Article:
God's Secretaries

Author:Adam Nicolson

Publisher:Harper Collins

ISBN:0061804029

Total Pages:336

Viewed:513

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Books Description:

A network of complex currents flowed across Jacobean England. This was the England of Shakespeare, Jonson, and Bacon; the era of the Gunpowder Plot and the worst outbreak of the plague. Jacobean England was both more godly and less godly than the country had ever been, and the entire culture was drawn taut between these polarities. This was the world that created the King James Bible. It is the greatest work of English prose ever written, and it is no coincidence that the translation was made at the moment "Englishness," specifically the English language itself, had come into its first passionate maturity. The English of Jacobean England has a more encompassing idea of its own scope than any form of the language before or since. It drips with potency and sensitivity. The age, with all its conflicts, explains the book. This P.S. edition features an extra 16 pages of insights into the book, including author interviews, recommended reading, and more.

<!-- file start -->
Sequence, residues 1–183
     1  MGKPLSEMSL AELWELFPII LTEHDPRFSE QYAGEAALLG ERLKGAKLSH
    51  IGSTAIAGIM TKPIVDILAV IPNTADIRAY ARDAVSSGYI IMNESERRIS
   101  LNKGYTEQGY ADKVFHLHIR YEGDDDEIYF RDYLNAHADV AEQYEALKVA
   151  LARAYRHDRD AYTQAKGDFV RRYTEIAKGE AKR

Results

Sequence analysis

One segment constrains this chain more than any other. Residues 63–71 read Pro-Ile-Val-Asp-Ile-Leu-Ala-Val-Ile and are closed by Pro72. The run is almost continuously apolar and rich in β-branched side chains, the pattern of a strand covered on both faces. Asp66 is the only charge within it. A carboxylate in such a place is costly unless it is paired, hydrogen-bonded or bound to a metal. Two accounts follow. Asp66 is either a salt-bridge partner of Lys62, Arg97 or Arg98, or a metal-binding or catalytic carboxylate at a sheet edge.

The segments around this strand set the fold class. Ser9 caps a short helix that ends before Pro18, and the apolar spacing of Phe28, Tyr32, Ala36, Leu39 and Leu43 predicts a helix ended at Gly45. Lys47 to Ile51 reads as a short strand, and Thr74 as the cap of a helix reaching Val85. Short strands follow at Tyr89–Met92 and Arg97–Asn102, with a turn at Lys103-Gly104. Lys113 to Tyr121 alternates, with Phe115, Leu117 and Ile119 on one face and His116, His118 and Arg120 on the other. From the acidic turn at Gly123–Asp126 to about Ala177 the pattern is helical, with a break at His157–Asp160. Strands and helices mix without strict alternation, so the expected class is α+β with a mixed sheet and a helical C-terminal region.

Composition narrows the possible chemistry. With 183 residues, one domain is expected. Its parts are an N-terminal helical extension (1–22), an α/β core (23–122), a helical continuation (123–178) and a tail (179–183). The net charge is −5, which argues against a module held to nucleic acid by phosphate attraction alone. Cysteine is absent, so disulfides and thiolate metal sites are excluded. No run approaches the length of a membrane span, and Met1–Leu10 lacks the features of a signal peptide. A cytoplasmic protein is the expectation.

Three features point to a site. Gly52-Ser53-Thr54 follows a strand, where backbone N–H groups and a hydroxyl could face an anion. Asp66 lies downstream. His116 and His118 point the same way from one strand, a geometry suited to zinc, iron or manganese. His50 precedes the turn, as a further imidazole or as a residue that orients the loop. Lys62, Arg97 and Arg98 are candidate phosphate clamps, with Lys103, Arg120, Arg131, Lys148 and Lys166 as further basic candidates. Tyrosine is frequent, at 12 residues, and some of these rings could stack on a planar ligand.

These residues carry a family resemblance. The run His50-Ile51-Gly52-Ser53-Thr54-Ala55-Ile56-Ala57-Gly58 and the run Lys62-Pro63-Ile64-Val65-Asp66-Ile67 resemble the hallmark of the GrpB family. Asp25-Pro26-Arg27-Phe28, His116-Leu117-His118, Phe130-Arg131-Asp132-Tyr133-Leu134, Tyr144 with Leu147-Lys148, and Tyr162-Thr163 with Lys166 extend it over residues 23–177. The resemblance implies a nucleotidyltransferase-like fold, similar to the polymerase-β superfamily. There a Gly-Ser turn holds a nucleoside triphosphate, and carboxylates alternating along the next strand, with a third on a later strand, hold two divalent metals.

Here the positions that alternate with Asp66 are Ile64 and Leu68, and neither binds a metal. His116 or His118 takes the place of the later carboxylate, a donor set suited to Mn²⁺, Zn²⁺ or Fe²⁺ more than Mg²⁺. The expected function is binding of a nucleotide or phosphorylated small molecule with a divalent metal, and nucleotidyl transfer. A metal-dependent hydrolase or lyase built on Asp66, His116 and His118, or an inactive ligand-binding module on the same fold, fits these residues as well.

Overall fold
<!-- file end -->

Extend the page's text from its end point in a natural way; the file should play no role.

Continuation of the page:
The King James Bible

Author:Various

Publisher:Simon and Schuster

ISBN:1627936548

Total Pages:848

Viewed:980

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Books Description:

A stunning work of scholarship, the Norton Critical Edition of The English Bible, King James Version, is the most accessible edition available.

Condition of the Working-Class in England

Author:Friedrich Engels

Publisher:ReadHowYouWant.com

ISBN:1442936916

Total Pages:N.A

Viewed:637

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Books Description: